Current options for diagnosing, treating, and monitoring Cushing disease.
Hyperadrenocorticism (HAC)—or Cushing disease—is among the most common endocrinopathies in dogs. With no single gold-standard diagnostic test available, diagnosing canine HAC can be complicated. Treatment decisions are also not straightforward, including determining which treatment option is right for your patient, and even deciding whether to treat at all. Approaching testing and treatment from the right perspective can save you headaches and confusion in the short term, and increase your chances of therapeutic success in the long run.
During his Tuesday morning session at the 2018 Atlantic Coast Veterinary Conference®, Peter S. Chapman, BVetMed, DECVIM-CA, DACVIM, MRCVS, who practices at a large, multispecialty hospital in the Philadelphia, Pennsylvania, area, walked attendees through a rational approach for diagnosing and managing this relatively common disease. HAC is one of the most challenging endocrinopathies seen in dogs, he said, but with the right testing protocol and treatment options in place, these patients can live longer, happier, and healthier lives.
The most commonly used screening tests for HAC are the urine cortisol-to-creatinine ratio, the ACTH (adrenocorticotropic hormone) stimulation test, and the low-dose dexamethasone suppression (LDDS) test.
The urine cortisol-to-creatinine ratio is a useful test because it’s noninvasive, relatively inexpensive, doesn’t require hospitalization, and has high sensitivity. Although false-positive results can occur, a negative result (ie, a normal ratio) rules out HAC in 97% of cases. Dr. Chapman cautioned, however, that the cortisol-to-creatinine ratio can never be used alone to diagnose HAC. Most veterinarians turn to ACTH stimulation tests or LDDS tests to verify a suspected case of HAC.
The ACTH stimulation and LDDS tests both have advantages and disadvantages, Dr. Chapman said. The ACTH stimulation test has a sensitivity of approximately 65%, likely will not identify adrenal tumor—based HAC, and can yield false-positive results when concurrent illness, such as diabetes, is present. The cost of performing the ACTH stimulation test can present further challenges, although cost-cutting strategies (eg, using a lower cosyntropin dose of 5 mcg/kg, freezing aliquots of cosyntropin to extend the shelf life to 6 months) can offset some of these issues. “In general, the test cannot be recommended as a first-line test for diagnosis of HAC,” Dr. Chapman said, but it still has applications for initial diagnosis and for monitoring dogs being.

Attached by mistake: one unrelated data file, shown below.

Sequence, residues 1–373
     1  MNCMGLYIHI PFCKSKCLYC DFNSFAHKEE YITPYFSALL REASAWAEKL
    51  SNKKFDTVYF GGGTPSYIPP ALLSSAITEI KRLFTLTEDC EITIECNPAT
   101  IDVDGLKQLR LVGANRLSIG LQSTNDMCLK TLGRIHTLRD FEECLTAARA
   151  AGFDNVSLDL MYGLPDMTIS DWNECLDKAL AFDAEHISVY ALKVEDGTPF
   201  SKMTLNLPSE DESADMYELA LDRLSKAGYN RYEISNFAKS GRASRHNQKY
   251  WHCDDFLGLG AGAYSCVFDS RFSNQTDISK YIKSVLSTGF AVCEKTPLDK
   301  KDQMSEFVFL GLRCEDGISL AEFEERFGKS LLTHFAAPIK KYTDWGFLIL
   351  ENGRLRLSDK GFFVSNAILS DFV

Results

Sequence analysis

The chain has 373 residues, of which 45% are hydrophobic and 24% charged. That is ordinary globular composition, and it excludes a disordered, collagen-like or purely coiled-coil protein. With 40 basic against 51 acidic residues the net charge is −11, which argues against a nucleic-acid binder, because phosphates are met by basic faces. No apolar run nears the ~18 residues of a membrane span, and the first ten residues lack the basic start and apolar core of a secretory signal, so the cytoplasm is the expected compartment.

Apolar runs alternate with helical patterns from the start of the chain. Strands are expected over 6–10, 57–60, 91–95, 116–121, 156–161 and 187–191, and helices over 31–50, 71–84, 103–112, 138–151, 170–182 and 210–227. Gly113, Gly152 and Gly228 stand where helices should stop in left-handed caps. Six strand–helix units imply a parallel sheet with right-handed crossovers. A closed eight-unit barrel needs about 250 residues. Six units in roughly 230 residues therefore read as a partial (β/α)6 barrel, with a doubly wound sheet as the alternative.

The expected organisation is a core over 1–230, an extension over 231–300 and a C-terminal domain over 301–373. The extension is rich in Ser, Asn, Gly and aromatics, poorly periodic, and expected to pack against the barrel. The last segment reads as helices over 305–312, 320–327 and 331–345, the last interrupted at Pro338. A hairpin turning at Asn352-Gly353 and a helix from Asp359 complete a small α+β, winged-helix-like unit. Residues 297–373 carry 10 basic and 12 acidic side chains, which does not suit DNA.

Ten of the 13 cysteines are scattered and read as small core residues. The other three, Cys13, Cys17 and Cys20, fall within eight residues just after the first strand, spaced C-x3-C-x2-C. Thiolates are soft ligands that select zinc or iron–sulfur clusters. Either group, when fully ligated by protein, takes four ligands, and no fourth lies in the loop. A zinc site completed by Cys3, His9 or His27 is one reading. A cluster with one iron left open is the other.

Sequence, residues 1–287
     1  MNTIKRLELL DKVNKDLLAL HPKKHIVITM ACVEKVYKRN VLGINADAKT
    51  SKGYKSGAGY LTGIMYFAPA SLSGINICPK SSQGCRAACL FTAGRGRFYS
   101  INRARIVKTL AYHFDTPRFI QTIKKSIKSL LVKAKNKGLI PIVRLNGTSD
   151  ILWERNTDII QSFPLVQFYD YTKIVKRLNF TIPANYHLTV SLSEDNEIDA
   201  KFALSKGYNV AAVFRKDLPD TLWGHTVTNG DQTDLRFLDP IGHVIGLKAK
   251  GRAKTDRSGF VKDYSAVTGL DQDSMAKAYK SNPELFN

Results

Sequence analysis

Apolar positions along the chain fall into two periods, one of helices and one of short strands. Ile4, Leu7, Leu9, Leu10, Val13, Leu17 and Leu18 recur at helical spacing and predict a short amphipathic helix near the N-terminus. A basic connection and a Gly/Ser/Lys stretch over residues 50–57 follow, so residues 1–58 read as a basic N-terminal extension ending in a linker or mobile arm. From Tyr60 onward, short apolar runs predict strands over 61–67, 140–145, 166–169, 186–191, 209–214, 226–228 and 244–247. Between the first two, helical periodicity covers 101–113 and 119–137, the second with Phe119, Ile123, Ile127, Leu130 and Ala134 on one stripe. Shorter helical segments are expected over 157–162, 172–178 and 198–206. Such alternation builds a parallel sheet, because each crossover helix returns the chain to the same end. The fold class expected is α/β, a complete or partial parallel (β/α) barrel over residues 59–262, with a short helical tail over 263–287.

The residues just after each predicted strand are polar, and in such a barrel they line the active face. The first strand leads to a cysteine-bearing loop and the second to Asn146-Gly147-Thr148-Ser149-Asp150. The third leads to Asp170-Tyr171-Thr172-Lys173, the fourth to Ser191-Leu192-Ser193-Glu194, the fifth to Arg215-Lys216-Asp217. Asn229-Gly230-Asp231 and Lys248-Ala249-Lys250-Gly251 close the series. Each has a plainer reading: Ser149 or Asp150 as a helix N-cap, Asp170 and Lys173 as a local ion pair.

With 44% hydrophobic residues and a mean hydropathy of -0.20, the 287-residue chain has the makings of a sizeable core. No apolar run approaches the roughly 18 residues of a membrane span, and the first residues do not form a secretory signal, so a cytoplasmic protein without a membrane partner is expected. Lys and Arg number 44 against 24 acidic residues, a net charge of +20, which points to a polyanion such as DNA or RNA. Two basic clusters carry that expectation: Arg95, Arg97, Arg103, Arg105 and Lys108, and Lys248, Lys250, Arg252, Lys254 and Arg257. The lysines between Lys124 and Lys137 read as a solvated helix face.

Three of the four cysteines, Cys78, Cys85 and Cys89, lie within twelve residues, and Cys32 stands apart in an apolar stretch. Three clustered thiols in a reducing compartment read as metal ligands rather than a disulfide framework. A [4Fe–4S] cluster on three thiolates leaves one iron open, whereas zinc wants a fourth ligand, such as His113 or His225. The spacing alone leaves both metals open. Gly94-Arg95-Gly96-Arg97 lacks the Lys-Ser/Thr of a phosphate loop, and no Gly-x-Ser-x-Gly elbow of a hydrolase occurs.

In contrast, the LDDS test is 95% sensitive, has good specificity, is less expensive to perform (compared with the ACTH stimulation test), and can identify dogs with adrenal tumors. But Dr. Chapman cautioned that the effects of short-term stress should be taken into consideration when performing this test.
“Basically, any kind of stress can potentially cause an adrenal response and increased production of corticosteroids” Dr. Chapman said. So, the acute stress associated with hospitalization and drawing blood can affect the pet’s cortisol levels for the LDDS test, but will not alter the results of ACTH stimulation. Patients should be kept as quiet as possible to help reduce the effects of acute stress on LDDS test results.
Traditionally, the high-dose dexamethasone suppression (HDDS) test has been used to differentiate pituitary-dependent HAC from adrenal tumor. But Dr. Chapman rarely performs this test and instead prefers abdominal ultrasound for this purpose. “In pituitary-dependent HAC, both adrenals are expected to be normal or enlarged. In patients with an adrenal tumor, a mass or nodule may be identified, and the contralateral adrenal should be small,” he said.
How to Treat, or Not to Treat
Most dogs with HAC, Dr. Chapman said, are otherwise healthy. After testing the patient, the veterinarian needs to decide whether the benefits of treatment justify the risks for the patient and the expense for the owner. “The decision to treat should always be made based on the impact of the clinical signs on the quality of life of dog and owner,” he advised.
Surgical options (eg, adrenalectomy for adrenal tumors) are available, but Dr. Chapman noted that dogs with HAC usually have a high risk of complications when undergoing surgery and that it’s extremely important to make an accurate diagnosis prior to treatment.
Medical treatment is, by far, the most common approach to controlling HAC. Dr. Chapman discussed the two drug options, trilostane and mitotane, noting some of their risks and benefits. Trilostane is a reversible inhibitor of cortisol production given at a twice-daily dose of 1 to 2 mg/kg; it is less effective when given once daily, he said, because of its 6- to 12-hour duration of effect. Mitotane, which is cytotoxic to adrenal cortex cells but spares zona glomerulosa cells responsible for mineralocorticoid production, is initiated at a daily dose of 50 mg/kg and then maintained at a weekly dose of 50 mg/kg. It may be a good option for dogs that don’t respond to trilostane. The primary complications associated with these drugs are hypocortisolemia (trilostane) and hypoadrenocorticism (mitotane).
“No clear benefit of one medication over the other has been demonstrated for dogs with pituitary-dependent HAC,” Dr. Chapman said. He explained that prolonged median survival times (>2 years) have been reported with both medications, with most patients succumbing to problems other than the primary disease.